We may also judge ourselves through a list of regrets, “I wish I would have spent more time with her. I wish I could have told him more about my life. I never got to say goodbye.” This is normal too but we have to be careful not to get taken over by regrets. I found writing (and reading aloud) a letter telling my parents everything I wish I could have done differently. You may find that you will hear their reply. When we identify these regrets, it’s also a huge opportunity to improve our living relationships so we don’t have to feel this way again.

There are the assholes.

They generally don’t mean to be, but at the same time, some people just don’t get it. It maybe a stranger or it may even be a family member. (Stress is high so family problems are common after a death.) People may tell us, “God needed another Angel.” Or that “he lived a good long life.” We’re not ready to hear that stuff. We’re not quite ready to move on, or be over it. If you need a list of “what not to say to someone going through a loss”, check here, or here for two posts I like on the subject.

Then, the holidays. 

Thanksgiving, Christmas, Hanukkah, birthdays, Mother’s Day, Father’s Day, anniversaries, graduations, weddings, births, funerals. Each time we try to muster up some spirit to celebrate without them, but in the first year especially, it just plain sucks. For instance, you never realize how many Father’s Day and Mother’s Day emails and ads you get until you don’t have a father or mother around anymore.

On each of these special days, it feels like there is a hole that no one can fill. And on top of missing them in those moments, we are also faced with the reality that no holiday will be the same going forward. We may try to create new traditions, we toast to them, but most of all, we miss them.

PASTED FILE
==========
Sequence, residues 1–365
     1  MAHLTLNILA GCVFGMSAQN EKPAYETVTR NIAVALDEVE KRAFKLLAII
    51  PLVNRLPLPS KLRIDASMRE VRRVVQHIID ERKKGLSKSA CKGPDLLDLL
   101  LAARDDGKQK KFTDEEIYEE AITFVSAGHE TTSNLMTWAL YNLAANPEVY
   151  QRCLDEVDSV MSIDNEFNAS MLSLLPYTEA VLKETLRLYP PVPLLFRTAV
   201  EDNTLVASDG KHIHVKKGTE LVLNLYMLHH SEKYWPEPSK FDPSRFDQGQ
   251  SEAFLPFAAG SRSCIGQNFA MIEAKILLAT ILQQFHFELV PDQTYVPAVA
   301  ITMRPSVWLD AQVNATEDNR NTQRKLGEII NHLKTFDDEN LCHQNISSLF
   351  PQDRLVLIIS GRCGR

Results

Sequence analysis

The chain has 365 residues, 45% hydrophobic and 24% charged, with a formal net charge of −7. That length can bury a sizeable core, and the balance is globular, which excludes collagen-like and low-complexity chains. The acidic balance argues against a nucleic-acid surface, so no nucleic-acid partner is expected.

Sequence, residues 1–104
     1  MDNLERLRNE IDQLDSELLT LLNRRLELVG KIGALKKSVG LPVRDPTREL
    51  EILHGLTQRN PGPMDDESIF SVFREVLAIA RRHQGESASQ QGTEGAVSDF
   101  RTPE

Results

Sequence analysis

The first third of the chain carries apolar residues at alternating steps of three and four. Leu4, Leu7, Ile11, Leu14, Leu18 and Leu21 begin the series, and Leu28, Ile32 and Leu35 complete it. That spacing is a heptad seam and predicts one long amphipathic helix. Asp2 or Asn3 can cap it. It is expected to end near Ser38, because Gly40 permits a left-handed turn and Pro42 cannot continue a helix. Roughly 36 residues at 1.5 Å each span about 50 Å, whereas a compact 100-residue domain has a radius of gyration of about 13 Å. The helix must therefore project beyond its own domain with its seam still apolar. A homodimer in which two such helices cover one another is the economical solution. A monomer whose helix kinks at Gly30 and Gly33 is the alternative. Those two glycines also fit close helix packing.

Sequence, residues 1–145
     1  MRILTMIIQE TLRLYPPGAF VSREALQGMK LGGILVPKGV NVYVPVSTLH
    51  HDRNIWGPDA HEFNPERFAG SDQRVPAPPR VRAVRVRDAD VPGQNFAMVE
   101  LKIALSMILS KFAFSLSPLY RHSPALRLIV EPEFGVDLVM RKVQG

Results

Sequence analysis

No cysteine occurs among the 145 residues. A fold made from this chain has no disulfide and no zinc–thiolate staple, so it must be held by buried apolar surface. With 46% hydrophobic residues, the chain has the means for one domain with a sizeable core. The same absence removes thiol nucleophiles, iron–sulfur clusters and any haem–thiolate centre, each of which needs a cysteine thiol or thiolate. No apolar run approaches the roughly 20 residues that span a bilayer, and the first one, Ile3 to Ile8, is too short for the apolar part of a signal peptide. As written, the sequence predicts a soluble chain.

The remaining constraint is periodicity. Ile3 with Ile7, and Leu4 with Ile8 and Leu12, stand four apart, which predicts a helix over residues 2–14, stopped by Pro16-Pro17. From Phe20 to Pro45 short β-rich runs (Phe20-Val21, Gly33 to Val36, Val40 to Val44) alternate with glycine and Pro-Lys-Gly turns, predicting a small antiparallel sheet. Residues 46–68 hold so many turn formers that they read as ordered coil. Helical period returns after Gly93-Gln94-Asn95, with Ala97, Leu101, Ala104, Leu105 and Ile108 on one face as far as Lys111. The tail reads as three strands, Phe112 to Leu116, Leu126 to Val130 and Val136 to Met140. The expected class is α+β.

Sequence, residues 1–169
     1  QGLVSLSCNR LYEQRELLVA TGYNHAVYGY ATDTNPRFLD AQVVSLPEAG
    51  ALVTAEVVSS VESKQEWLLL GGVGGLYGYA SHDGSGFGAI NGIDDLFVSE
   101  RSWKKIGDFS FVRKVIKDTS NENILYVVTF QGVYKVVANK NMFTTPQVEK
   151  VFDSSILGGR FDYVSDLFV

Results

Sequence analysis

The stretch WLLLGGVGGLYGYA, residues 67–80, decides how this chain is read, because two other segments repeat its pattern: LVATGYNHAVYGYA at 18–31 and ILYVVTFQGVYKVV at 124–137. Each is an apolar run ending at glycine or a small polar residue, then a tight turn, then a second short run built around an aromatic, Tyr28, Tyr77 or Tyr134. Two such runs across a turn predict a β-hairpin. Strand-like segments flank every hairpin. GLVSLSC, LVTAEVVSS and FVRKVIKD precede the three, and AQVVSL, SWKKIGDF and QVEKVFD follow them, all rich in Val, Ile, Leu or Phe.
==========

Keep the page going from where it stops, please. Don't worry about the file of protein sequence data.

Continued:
And then we finally reach the day – 365 days later.

All of our feelings in the first year come to a head at the anniversary of the death. A flood of memories arrive. For me it was remembering the phone call from my sister where I found out my mom died, recalling how I screamed and fell to my knees. Then called friends so I wouldn’t be alone. Then I flew home, planned the service, hosted the visitors, heard the stories, and felt inconsolable for many months. It was a truly comfortless time. It felt like time stood still, yet flew by.

I like to look at the anniversary day as a milestone for the bereaved, as much as it is an anniversary of the end of a special life on earth. It is a day to recognize how far you’ve come in your grieving process, to celebrate that you’ve made it through one year. And not just any year, the hardest year. Because it does get easier from here.

how far you'

With Love,


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7 comments on “The First Year
  1. Leanne Erickson says:

    This is so true Jess. Thanks for writing this

  2. Jo says:

    Jesse, tears are in my eyes missing your mom and dad right now. This is such a great post. If I could see you and heather now I’d be giving you the biggest bear hugs.

  3. Elisa says:

    First, thanks for your blog. Thanks thanks thanks. Even though much of my community is unafraid to talk about and be open with death (partly because of who I choose to hang out with, and especially my spiritual community the Reclaiming Witches), I still have experienced a lot of taking care of other people’s awkwardness around death, or having people apologize to me for bringing up death, or their own grief.